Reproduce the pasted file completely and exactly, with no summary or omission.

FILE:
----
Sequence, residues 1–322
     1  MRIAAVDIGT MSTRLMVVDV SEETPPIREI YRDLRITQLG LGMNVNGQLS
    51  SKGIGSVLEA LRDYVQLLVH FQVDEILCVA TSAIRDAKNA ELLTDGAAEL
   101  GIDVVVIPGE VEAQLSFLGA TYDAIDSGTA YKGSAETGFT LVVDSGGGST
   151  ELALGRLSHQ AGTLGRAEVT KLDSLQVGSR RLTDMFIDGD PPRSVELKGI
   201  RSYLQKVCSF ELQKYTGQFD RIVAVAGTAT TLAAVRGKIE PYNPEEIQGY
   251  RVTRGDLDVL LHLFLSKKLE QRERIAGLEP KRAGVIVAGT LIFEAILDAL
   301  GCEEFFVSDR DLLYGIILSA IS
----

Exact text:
Sequence, residues 1–322
     1  MRIAAVDIGT MSTRLMVVDV SEETPPIREI YRDLRITQLG LGMNVNGQLS
    51  SKGIGSVLEA LRDYVQLLVH FQVDEILCVA TSAIRDAKNA ELLTDGAAEL
   101  GIDVVVIPGE VEAQLSFLGA TYDAIDSGTA YKGSAETGFT LVVDSGGGST
   151  ELALGRLSHQ AGTLGRAEVT KLDSLQVGSR RLTDMFIDGD PPRSVELKGI
   201  RSYLQKVCSF ELQKYTGQFD RIVAVAGTAT TLAAVRGKIE PYNPEEIQGY
   251  RVTRGDLDVL LHLFLSKKLE QRERIAGLEP KRAGVIVAGT LIFEAILDAL
   301  GCEEFFVSDR DLLYGIILSA IS